Tuesday’s predicted population of 8 billion will spark discussions about the effects of continuous population expansion.
On a webpage devoted to the “Day of 8 Billion,” the United Nations described the figure as a “milestone in human evolution” and an opportunity to celebrate variety and accomplishments while taking into account humanity’s shared responsibility for the environment.
The U.N. People living longer as a result of contemporary medical, nutritional, and hygienic developments as well as “high and persistent levels of fertility in some nations” were cited as contributing factors in population expansion.
However, the rate of population growth worldwide is declining. The increase in global headcount from 7 billion to 8 billion took place over the course of 12 years. It will increase to 9 billion in 15 years.
The gaps between rich and poor nations, particularly those in Africa, are of grave concern, according to the U.N. António Guterres, the secretary-general, issued a statement. The poorest areas are those where population growth is occurring most quickly.
“Billions of people are in need; hundreds of millions are going hungry or possibly going hungry to death. He issued a warning: “Record numbers are moving in search of opportunity and respite from debt and misery, wars, and climate calamities. We are preparing for an 8-billion-strong world full of tensions and mistrust, crises, and conflict unless we bridge the gap between the world’s haves and have-nots.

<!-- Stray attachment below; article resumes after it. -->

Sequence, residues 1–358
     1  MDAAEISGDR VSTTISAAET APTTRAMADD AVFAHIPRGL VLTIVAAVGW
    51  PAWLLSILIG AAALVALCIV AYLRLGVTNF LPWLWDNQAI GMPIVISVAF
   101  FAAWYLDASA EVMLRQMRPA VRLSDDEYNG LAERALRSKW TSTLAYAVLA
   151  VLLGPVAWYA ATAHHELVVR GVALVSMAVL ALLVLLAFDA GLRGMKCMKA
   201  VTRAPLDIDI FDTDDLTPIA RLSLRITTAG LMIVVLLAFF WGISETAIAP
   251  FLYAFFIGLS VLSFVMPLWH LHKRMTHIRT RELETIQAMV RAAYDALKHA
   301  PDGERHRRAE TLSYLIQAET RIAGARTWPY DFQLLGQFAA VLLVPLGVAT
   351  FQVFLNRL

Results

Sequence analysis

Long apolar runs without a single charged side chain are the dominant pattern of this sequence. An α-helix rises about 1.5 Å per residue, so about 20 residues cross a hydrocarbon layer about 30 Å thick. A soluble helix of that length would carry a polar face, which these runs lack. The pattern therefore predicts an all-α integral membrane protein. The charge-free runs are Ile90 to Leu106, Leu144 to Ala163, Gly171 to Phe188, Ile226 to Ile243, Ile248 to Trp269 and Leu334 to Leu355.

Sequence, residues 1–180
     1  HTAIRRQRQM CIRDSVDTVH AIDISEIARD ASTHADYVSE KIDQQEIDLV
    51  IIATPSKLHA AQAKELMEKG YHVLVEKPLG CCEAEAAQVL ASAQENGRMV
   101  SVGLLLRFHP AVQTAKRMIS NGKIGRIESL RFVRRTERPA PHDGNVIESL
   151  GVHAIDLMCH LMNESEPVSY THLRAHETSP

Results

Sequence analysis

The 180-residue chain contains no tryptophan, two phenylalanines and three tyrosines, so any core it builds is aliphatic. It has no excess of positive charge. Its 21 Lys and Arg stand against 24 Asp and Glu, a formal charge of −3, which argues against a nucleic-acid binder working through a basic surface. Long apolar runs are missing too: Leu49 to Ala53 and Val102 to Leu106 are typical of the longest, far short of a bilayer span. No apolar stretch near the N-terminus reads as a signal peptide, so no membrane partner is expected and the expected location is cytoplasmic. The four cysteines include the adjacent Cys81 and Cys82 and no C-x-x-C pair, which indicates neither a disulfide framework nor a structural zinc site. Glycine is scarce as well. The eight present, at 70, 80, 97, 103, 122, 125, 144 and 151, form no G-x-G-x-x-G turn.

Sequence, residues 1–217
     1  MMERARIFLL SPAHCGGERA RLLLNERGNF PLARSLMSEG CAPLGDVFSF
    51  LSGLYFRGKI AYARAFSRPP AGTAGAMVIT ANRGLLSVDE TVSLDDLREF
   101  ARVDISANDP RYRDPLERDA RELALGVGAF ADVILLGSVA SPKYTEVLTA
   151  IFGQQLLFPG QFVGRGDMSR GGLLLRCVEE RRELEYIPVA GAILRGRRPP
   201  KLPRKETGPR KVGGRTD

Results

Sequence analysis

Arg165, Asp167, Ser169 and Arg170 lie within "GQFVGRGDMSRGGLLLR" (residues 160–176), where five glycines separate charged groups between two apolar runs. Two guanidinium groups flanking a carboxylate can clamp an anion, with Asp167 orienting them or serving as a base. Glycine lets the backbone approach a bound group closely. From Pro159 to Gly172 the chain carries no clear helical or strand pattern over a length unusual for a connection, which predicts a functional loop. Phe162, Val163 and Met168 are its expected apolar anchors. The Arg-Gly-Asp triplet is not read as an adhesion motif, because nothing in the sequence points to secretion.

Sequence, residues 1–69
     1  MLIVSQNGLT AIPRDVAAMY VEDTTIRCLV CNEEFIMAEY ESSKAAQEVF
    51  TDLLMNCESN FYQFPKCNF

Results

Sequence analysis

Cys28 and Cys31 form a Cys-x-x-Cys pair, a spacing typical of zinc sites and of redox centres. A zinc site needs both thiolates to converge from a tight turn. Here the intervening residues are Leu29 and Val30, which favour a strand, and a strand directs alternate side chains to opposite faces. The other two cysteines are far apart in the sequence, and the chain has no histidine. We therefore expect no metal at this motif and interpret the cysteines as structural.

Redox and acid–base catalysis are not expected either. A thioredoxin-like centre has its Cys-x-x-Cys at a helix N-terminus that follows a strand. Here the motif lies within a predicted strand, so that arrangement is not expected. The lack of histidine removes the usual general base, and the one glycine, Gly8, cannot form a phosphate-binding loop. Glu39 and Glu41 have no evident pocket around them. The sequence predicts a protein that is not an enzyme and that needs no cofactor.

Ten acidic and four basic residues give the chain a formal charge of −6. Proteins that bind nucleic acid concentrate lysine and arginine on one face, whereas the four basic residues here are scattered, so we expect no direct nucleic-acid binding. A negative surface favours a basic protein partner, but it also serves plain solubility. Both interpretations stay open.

Global think tanks are also raising concerns about the “have-nots'” impending catastrophic resource shortage.
In sub-Saharan Africa, more than 700 million people currently go without enough to eat. According to estimates from the Institute for Economics and Peace and published by Reuters, “most of sub-Saharan Africa will be unsustainable by mid-century” because of the region’s anticipated high population growth.
According to Stephanie Feldstein, population and sustainability director at the Center for Biological Diversity, “every single individual needs fuel, wood, water, and a place to call home.”
According to Guterres, the world can address inequalities and change these ominous forecasts by making “quite minor investments in healthcare, education, gender equality, and sustainable economic development.”
We would do well to keep in mind the advice of Mahatma Gandhi, one of humanity’s most astute observers: “The earth has enough for everyone’s need—but not everyone’s greed.”